Avalon Hill, £22.95
Reviewed by Mark Green
Civilisation has been my favourite game for ten years. You can imagine my horror when I discovered that Avalon Hill were committing sacrilege and marketing an Advanced (sic) version. How can you improve upon perfection? Time to write a letter to the House Committee on Un-American Activities...
The box, still sporting the Alec Guiness likeness, was reasonably weighty, but the contents which spilled out were unimpressive for a £20+ price tag. No board, no game as such, just some add-ons and a new set of rules.
The first feature examined was the new set of Civilisation cards. These completely replace the old set. There are eight of each title so there is no fear of failing to gain any desired card. That makes sense, just because five other nations have Engineering there is no reason for it to be unavailable to me. This I felt was a reasonable change, although I was never unhappy with the original feature.
There are also more Civilisation cards included in this version. A fifth group of religion cards includes such things as Deism and Monotheism. The Military Science card allows you to move last in turn order, regardless of Census count. Roadbuilding allows you to move two areas within your territory. Architecture has been upgraded to cost 120 points and allows you to use treasury to finance half the building of one city per turn.
At this point you discover the radical change to the rules; there is no eleven card limit on holdings - you could possibly hold a full set at the end of the game. This seems to be an American case of 'more is better' but as most games involve trying to be the richest, fastest or strongest this can hardly be criticised. It changes the flavour of the game a lot; no longer are the Civilisation cards a struggle for a rare commodity, now it is a race to be there 'fastest with the mostest'.
The victory conditions have been changed for the better. Each player scores for Civilisation cards, trade cards in hand, position on the AST track, cities on the board and treasury. Thus position on the AST is not quite so critical and it removes the disability under which Egypt/Babylon laboured in the old version. What it also means is that if you play to a time limit (four or five hours, say) rather than to the bitter end, there is wider scope for establishing the winner rather than just the AST, previously the sole determinant of victory.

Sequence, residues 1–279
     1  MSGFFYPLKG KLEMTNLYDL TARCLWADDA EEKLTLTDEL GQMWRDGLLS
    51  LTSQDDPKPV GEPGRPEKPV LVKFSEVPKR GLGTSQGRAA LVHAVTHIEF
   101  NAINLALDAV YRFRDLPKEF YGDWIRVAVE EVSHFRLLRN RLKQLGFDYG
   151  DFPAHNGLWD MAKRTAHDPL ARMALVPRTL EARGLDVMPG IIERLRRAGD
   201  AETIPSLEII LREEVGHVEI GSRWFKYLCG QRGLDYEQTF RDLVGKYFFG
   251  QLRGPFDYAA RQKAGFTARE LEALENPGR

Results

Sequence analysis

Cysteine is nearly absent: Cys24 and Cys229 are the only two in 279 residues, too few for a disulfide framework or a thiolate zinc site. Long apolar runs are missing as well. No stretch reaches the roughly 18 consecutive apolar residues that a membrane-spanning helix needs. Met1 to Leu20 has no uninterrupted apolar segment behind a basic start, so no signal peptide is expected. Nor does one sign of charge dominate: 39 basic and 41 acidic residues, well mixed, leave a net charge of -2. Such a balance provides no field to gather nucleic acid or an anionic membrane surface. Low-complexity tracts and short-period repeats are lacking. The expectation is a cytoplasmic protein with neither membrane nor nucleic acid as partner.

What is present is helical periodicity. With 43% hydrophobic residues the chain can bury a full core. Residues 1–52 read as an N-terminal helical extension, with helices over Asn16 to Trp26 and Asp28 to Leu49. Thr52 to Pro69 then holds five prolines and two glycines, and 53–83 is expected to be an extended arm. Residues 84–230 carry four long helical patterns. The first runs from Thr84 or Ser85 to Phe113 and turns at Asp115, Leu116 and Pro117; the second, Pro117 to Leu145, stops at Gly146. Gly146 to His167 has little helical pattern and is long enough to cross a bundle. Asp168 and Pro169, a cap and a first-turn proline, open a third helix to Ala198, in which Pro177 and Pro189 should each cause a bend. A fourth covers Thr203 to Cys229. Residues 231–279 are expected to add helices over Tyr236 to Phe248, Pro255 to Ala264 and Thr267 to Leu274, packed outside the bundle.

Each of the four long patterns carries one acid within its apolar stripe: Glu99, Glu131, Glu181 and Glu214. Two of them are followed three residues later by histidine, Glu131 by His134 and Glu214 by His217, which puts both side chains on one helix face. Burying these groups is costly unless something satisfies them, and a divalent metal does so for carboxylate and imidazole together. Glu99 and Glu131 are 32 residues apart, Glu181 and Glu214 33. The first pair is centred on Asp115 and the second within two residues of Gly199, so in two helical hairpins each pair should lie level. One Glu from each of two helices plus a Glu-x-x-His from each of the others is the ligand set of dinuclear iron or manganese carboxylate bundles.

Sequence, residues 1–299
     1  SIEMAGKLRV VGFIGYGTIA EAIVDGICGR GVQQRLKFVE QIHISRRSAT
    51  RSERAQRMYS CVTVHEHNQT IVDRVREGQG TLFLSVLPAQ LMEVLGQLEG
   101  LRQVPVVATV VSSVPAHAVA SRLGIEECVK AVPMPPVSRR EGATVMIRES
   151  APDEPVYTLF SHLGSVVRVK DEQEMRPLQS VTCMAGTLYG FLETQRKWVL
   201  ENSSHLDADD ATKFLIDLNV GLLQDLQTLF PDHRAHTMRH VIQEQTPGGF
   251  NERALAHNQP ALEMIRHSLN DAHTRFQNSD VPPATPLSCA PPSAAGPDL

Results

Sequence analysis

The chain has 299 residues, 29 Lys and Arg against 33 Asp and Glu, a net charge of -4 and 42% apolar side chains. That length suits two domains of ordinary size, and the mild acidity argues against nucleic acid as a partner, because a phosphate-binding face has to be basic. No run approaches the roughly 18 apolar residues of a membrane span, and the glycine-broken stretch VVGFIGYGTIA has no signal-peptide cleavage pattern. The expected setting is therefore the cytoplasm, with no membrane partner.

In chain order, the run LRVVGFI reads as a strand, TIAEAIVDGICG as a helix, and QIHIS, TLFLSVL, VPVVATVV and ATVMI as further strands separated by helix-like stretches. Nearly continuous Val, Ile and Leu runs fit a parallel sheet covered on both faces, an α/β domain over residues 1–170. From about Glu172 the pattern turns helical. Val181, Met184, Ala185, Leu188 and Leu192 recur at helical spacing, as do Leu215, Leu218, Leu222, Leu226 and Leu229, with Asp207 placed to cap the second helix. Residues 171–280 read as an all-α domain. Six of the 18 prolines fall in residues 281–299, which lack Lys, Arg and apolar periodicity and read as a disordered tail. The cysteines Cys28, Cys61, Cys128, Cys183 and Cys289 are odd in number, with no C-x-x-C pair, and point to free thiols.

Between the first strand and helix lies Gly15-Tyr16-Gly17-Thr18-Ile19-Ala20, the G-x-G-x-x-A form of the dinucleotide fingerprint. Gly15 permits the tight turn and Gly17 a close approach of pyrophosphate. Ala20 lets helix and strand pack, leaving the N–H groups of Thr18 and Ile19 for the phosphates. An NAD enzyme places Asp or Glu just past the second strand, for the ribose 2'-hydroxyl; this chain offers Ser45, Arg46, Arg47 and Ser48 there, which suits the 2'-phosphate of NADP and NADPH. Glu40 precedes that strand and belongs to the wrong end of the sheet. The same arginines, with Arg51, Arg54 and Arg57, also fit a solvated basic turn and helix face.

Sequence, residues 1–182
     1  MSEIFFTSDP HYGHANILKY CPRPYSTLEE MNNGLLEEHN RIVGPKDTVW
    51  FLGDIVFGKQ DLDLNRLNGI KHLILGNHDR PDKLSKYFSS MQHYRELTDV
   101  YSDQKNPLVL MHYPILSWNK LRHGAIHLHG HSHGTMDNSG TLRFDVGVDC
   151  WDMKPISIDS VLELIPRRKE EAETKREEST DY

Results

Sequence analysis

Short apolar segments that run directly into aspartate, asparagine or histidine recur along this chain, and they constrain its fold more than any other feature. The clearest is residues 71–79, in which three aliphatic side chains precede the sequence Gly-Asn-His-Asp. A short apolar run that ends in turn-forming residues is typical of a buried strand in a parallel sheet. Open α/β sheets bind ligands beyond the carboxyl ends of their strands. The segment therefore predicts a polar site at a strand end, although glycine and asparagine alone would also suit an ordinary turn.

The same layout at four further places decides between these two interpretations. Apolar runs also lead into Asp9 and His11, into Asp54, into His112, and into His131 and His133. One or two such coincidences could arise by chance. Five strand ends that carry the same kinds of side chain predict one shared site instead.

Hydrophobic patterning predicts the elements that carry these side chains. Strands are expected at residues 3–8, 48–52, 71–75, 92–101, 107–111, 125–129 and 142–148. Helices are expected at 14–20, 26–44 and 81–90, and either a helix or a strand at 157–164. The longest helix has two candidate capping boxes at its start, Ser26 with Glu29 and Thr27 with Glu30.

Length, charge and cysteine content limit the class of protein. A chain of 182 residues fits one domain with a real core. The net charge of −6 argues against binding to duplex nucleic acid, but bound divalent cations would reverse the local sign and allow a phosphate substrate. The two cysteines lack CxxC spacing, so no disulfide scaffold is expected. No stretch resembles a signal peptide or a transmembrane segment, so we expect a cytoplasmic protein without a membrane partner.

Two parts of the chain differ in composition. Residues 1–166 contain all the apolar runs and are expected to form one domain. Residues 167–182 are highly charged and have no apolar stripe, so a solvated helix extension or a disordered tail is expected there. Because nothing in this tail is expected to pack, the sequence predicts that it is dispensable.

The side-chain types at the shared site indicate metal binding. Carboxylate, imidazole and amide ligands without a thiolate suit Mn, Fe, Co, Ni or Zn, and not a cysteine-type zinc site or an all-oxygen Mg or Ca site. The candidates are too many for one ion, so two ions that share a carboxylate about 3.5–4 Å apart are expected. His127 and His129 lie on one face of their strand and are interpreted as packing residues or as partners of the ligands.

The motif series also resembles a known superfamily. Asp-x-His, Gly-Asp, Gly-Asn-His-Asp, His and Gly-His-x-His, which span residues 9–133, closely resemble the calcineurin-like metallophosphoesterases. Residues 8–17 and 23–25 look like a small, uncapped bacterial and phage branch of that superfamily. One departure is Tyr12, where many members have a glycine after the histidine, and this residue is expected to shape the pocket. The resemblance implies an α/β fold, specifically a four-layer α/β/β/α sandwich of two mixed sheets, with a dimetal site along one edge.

The trade deck is completely revamped. The inclusion of timber, oil, wine, silver and so on is like the old expanded deck, but the addition of more disaster cards keeps the balance right. The new disaster cards are very good; Slave Revolt cancels the city support value of some tokens, Treason turns a city over to another player and the entertaining Barbarian Horde ravages your lands from off the edge of the board, though it doesn't affect Crete logically enough. My biggest criticism of Advanced Civilisation is the fact that the trade deck is not complete, you have to use a dozen cards from your old set which are usually a different colour and now rather dog-eared! This cutting corners on production is unbelievably annoying.
The rules for trading have also been changed. In the new system you can trade three cards at a time and merely have to honestly state two of them, This simplifies trading and seems to speed it up, although the wheeler-dealer aspect of the original rules was my favourite mechanic. Three of the disasters may not be traded, but the rest can be. What's more, they can be traded again! Receiving Iconoclasm [One large box of Iconoclasm. Sign here, please sir.] and Heresy is not so bad, as long as you can pass it on again before trading stops! This works well but whether it is better than the original rules.... well, I don't have a definite opinion as yet and would like to try the Advanced game with the old trading rules to compare and contrast.
Having played the Advanced version several times, I must say that I quite like it. The victory conditions are good, the extra Civilisation cards are interesting and the trade deck works well (especially with 6,7 or 8 players). The skimping on the trade card production was a crazy idea and the price is high for the physical contents of the box. The game is certainly changed, partly to the good and partly for the worse. At the end of the day you must try it out for yourself; the jury is still out on whether we will continue to play Advanced or revert to the original. Whatever, Civilisation is the King of Boardgames and Advanced Civilisation must rank at least a Prince.
On to the review of Formule De or back to the review of Koalition.
Sumo - Mike Siggins - Legal Notices and Other Information